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I have two lists

L1 = ['tom', 'jerry', 'spike', 'fido', 'donald', 'mickey']
L2 = [3,5,7,6,9,3]
dictionary = dict(zip(L1, L2))
print dictionary

sorted_friends = sorted(dictionary.iteritems(), key = operator.itemgetter(1), reverse= True)
print sorted_friends

Basically, I am creating a dictionary from L1 and L2. {'mickey': 3, 'tom': 3, 'jerry': 5, 'donald': 9, 'fido': 6, 'spike': 7} Sorting (reverse) sorting it by value, which gives me:[('donald', 9), ('spike', 7), ('fido', 6), ('jerry', 5), ('mickey', 3), ('tom', 3)]

I want a list of the top 3 keys: like [donald,spike,fido] But the problem is if I use any method that I know like casting to dict() etc its spoiling the sorting.

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up vote 5 down vote accepted

No need to use a dict; just create the list of tuples and sort them by the appropriate field.

sorted(zip(L1, L2), key=lambda x: x[1], reverse=True)[:3]

You can of course use operator.itemgetter(1) instead of the lambda, as you please.

If you just want the names after the fact, you can modify this:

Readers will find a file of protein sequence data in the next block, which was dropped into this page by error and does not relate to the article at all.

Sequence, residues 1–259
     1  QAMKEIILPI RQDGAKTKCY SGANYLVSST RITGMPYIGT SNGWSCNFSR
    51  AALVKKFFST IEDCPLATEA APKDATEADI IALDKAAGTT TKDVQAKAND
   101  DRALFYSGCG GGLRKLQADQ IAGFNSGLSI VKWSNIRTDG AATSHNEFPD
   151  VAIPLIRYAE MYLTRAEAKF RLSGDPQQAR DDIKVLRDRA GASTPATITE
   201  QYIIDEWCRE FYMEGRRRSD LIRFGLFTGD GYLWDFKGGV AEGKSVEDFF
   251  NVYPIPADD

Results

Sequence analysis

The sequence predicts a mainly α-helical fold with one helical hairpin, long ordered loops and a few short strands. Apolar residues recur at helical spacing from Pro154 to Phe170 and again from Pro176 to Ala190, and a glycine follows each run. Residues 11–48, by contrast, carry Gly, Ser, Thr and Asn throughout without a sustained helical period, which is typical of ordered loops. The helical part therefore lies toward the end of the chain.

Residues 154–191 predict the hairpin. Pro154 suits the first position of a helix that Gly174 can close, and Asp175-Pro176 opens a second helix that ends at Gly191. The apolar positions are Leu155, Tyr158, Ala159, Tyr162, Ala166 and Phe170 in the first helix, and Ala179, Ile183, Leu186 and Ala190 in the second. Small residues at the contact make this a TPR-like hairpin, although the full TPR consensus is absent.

[a for a,_ in sorted(zip(L1, L2), key=lambda x: x[1], reverse=True)][:3]

Note that you could also conveniently avoid having to specify a custom sort function at all by simply reversing the order:

[b for _,b in sorted(zip(L2, L1), reverse=True)][:3]

This works because the default sort order for tuples sorts them according to their first element, then their second, and so on - so it will sort by the values first.

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2  
operator.itemgetter() is better than a lambda here. – Gareth Latty Oct 7 '12 at 22:52
    
Also, you'll need to use the reversed flag in the sort. Right now, you're getting the 3 smallest – inspectorG4dget Oct 7 '12 at 22:52
    
@Lattyware Depends. For a quick one-off, it's an extra import and a lot longer. For large datasets, yes, it might be slightly faster, but for small sets, the difference is negligible. – Amber Oct 7 '12 at 22:52
    
@Amber thanks a lot this works like magic. Actually, my set could be large and if I wish to use operator.itemgetter() then would thsi be correct sorted(zip(L1, L2), key=operator.itemgetter(1) x: x[1])[:3] – Deepak B Oct 7 '12 at 22:58
    
No, just key=operator.itemgetter(1). The lambda x:x[1] part is the equivalent of the itemgetter call. – Amber Oct 7 '12 at 22:58

If you just want the 3 largest, why not just use heapq?

>>> L1 = ['tom', 'jerry', 'spike', 'fido', 'donald', 'mickey']
>>> L2 = [3,5,7,6,9,3]
>>> dictionary = dict(zip(L1, L2))
>>> import heapq
>>> heapq.nlargest(3, dictionary, key=dictionary.get)
['donald', 'spike', 'fido']

It's also possible, but a little tricky to skip creating the dictionary

>>> heapq.nlargest(3, L1, key=lambda x, i2=iter(L2): next(i2))
['donald', 'spike', 'fido']
share|improve this answer
    
I am not familiar with heapq, will learn and try thanks. – Deepak B Oct 8 '12 at 0:49

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